Man and Matter: A Philosophical Inquiry into the Justification of Ownership in Land from the Basis of Self-Ownership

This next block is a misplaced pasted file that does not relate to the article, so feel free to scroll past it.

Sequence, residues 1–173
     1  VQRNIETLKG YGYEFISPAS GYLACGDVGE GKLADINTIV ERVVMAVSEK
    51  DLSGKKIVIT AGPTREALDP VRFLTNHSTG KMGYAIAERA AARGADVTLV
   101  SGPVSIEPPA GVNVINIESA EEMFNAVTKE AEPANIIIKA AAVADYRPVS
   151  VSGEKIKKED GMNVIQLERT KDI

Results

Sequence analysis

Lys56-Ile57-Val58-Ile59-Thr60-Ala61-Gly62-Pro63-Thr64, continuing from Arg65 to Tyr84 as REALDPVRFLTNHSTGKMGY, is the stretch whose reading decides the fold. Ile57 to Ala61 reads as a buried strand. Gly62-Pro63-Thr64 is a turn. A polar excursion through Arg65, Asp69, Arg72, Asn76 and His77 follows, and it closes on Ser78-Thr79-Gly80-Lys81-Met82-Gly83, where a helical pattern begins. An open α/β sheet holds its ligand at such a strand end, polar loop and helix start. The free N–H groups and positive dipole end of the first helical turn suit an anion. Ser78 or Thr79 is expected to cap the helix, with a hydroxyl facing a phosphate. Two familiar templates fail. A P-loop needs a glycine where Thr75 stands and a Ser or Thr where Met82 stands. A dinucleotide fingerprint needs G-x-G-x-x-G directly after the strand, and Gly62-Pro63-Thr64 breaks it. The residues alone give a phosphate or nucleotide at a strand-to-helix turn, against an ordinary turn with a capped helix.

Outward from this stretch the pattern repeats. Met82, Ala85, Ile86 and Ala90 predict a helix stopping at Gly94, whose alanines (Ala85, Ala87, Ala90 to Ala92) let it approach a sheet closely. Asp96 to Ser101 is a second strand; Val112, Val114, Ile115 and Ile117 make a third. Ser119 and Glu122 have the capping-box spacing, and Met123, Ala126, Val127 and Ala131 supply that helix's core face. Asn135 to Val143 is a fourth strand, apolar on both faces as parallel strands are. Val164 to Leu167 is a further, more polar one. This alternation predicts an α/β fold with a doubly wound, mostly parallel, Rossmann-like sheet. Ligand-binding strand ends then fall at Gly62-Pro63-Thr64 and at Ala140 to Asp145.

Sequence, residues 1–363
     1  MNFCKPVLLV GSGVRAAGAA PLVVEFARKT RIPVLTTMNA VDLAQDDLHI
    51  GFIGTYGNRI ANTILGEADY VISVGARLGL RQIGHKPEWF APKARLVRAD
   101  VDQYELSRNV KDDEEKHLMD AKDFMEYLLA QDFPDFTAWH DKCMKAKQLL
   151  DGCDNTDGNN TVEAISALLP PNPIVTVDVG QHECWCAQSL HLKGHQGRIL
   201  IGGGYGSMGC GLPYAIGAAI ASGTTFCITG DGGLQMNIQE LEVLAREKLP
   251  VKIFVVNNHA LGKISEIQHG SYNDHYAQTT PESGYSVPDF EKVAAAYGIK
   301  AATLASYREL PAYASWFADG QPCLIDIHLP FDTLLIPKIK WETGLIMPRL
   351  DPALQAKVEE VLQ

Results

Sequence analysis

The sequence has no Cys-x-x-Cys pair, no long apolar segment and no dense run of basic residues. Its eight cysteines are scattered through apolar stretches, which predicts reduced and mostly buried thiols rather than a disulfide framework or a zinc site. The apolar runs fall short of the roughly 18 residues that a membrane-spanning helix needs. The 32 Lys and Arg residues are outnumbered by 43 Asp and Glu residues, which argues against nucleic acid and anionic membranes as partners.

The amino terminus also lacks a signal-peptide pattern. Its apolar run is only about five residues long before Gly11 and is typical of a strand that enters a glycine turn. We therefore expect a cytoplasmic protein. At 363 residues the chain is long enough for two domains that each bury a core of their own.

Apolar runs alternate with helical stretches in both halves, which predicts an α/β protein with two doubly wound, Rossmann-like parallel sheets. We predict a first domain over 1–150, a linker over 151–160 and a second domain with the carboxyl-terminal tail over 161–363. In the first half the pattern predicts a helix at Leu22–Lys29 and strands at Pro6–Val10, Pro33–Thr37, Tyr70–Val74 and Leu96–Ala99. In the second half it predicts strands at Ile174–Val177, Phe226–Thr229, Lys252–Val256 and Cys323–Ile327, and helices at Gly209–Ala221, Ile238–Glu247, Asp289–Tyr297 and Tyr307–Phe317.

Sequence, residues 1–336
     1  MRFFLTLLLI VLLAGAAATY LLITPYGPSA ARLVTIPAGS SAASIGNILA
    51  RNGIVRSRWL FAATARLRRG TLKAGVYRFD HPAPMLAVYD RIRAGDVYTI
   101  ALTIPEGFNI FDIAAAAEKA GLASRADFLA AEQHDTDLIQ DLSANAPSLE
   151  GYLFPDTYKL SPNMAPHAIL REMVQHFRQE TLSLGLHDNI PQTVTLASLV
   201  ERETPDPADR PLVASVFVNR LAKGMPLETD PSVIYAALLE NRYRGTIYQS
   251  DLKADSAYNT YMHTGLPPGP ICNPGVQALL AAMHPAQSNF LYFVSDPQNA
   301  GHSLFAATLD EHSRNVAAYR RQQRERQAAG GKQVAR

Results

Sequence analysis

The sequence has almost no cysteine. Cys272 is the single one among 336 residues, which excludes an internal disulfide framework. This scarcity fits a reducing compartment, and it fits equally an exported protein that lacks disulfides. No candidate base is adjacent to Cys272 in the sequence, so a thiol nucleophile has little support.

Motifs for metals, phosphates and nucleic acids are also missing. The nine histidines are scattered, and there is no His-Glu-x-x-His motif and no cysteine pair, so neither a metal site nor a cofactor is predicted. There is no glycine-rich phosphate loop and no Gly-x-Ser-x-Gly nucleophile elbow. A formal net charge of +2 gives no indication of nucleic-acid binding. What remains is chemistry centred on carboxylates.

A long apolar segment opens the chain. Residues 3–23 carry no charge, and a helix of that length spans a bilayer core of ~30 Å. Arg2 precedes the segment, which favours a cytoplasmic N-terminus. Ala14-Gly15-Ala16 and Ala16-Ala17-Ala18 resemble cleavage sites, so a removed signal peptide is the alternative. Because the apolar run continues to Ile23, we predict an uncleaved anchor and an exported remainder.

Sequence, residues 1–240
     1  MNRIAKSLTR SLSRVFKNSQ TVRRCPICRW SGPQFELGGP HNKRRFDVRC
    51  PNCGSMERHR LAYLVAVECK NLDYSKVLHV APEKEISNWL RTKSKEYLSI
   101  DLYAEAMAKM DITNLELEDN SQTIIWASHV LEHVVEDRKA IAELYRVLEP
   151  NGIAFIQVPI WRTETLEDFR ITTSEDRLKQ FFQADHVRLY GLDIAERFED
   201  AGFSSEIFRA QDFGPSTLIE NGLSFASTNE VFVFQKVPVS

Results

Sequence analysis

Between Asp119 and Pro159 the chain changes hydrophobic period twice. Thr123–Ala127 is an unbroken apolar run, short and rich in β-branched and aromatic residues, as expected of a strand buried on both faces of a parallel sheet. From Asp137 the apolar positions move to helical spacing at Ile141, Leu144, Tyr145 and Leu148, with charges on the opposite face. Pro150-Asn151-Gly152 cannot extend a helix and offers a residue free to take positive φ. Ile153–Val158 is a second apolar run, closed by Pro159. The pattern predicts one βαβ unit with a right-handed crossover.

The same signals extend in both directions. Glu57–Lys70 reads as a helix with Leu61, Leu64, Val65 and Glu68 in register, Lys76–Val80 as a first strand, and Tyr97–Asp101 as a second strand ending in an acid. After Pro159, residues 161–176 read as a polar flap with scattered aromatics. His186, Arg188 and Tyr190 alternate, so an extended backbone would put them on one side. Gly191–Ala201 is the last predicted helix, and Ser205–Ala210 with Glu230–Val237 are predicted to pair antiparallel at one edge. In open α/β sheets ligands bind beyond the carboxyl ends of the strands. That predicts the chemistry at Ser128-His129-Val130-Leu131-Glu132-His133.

Abstract: This study seeks to investigate the nature of ownership of land and how the right to its control and use can be inferred from self-ownership as a premise. Hence, the question asked is how ownership (of land) can be justified considering the nature of man from a natural rights point of view. The starting point for the argument is self-ownership as being, where man is identified as an indivisible entirety with inalienable rights to his self emanating from his complex nature. This identification is the point of departure in examining the relation between man and the world and the concept of ownership. The right to self implies the right to use externals through his choice to ?focus his consciousness? in order to achieve values beneficial to his being. The discussion on ownership, as inferred from self-ownership as being, ends in a discussion on the distinct features of land and how ownership of such can be obtained. The conclusion is that man as a rights-bearer to self can obtain natural use-rights through possession and constructive use of resources, which are valid throughout the value-achieving process.
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